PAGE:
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Noise is a direct call to action

“‘Le bruit,’ noise with imitative effects, was introduced into art (in this con­nection we can hardly speak of individual arts, music or literature) by Marinetti, who used a chorus of typewriters, kettledrums, rattles and pot-covers to suggest the ‘awakening of the capital’; at first it was intended as nothing more than a rather violent reminder of the colorfulness of life.

(…)

Every movement naturally produces noise. While number, and consequently melody, are symbols presupposing a faculty for ab­straction, noise is a direct call to action. Music of whatever nature is harmonious, artistic, an activity of reason—but bruitism is life itself, it cannot be judged like a book, but rather it is a part of our personality, which attacks us, pursues us and tears us to pieces. Bruitism is a view of life, which, strange as it may seem at first, compels men to make an ultimate decision. There are only bruitists, and others. While we are speaking of music, Wagner had shown all the hypocrisy inherent in a pathetic faculty for abstraction—the screeching of a brake, on the other hand, could at least give you a toothache.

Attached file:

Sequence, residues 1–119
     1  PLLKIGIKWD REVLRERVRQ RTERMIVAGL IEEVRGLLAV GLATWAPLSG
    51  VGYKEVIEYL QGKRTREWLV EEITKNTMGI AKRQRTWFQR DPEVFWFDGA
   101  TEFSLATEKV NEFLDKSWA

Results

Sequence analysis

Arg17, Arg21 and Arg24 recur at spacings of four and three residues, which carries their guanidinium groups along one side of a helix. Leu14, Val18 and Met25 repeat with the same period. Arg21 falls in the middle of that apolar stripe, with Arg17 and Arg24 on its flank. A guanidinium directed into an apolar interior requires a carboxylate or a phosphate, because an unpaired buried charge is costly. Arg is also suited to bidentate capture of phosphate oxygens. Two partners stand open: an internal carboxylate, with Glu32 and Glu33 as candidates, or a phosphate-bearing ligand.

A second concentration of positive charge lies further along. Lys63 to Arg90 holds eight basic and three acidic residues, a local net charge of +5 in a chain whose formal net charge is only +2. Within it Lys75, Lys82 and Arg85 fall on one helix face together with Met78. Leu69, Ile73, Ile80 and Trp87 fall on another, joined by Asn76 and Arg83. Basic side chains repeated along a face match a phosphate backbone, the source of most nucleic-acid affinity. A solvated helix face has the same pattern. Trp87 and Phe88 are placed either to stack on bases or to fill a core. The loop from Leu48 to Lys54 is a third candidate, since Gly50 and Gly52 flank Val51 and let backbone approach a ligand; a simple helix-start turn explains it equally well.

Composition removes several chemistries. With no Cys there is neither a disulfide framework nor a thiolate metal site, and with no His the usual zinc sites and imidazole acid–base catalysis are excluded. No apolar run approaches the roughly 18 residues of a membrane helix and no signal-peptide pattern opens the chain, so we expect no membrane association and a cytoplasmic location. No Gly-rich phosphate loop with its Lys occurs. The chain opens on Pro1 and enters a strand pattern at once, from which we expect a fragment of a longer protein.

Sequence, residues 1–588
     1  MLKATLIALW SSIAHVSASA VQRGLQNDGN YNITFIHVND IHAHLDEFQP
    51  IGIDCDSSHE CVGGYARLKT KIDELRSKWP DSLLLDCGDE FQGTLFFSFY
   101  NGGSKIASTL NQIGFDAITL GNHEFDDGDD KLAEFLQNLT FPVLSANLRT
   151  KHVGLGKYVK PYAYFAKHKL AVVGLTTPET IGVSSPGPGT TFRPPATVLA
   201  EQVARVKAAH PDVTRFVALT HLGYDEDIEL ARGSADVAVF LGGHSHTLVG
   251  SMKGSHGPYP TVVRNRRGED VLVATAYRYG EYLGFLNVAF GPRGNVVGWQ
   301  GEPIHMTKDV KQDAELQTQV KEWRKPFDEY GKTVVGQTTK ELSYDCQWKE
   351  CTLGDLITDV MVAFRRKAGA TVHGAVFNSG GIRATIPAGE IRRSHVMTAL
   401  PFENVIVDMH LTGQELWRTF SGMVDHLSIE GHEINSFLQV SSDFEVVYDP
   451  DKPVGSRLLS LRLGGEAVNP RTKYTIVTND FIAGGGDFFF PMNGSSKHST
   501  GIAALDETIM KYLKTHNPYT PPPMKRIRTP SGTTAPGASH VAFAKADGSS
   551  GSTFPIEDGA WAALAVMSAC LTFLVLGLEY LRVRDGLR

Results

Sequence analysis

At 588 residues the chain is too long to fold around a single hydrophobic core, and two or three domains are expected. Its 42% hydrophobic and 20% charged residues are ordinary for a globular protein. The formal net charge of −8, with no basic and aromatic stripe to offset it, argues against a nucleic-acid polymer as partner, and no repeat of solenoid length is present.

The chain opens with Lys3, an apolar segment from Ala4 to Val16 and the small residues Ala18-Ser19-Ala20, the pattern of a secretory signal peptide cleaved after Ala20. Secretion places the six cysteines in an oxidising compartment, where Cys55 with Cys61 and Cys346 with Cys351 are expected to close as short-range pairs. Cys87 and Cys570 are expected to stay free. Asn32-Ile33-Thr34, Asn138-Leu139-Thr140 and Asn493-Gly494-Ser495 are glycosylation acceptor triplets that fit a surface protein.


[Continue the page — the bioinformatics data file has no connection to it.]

(…)

Bruitism is a kind of return to nature. It is the music produced by circuits of atoms; death ceases to be an escape of the soul from earthly misery and becomes a vomiting, screaming and choking. The Dadaists of the Cabaret Voltaire took over Bruitism without suspecting its philosophy—basically they desired the opposite: calming of the soul, an endless lullaby, art, abstract art. The Dadaists of the Cabaret Voltaire actually had no idea what they wanted.

(…)

Simultaneity is a direct reminder of life, and very closely bound up with bruitism. Just as physics distinguishes between tones (which can be expressed in mathematical formulae) and noises, which are completely baffling to its symbolism and ab­stractionism, because they are a direct objectivization of dark vital force, here the distinction is between a succession and a ‘simultaneity,’ which defies formulation because it is a direct symbol of action.”

En Avant Dada: A History of Dadaism (1920), Richard Huelsenbeck.

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